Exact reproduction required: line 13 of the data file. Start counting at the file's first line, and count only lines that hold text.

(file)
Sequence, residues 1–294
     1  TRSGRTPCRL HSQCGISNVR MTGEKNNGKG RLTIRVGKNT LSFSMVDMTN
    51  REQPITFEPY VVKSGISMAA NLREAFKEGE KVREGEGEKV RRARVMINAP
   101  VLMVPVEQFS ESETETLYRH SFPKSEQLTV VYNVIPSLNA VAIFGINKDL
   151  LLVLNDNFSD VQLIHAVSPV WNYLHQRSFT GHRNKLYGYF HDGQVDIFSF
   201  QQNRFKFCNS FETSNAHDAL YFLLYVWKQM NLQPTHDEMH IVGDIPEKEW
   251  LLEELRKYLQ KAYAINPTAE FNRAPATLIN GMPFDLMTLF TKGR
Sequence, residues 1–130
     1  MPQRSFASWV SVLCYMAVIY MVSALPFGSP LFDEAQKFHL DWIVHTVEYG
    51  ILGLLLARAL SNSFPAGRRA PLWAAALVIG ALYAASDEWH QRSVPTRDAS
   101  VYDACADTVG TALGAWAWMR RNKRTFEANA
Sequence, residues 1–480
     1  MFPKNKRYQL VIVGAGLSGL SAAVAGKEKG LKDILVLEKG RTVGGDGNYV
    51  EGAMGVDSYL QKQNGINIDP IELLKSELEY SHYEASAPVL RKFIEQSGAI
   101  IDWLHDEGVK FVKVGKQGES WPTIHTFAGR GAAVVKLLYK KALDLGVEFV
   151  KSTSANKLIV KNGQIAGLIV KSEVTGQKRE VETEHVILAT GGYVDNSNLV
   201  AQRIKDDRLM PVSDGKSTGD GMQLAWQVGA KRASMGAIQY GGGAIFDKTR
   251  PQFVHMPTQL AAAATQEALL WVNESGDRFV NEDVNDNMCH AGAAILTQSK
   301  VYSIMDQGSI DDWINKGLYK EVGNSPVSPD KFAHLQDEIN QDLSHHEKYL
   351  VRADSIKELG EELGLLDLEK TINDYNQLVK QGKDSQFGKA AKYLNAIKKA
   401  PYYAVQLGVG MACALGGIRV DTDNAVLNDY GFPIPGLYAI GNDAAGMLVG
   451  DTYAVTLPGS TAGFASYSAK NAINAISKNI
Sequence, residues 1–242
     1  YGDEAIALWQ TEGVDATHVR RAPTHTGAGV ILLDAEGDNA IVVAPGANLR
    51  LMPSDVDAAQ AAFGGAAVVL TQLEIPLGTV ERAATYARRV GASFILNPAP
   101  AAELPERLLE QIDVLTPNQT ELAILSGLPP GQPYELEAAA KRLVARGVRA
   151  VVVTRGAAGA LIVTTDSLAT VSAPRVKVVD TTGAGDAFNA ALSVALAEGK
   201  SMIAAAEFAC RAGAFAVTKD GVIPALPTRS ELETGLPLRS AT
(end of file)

     1  MFPKNKRYQL VIVGAGLSGL SAAVAGKEKG LKDILVLEKG RTVGGDGNYV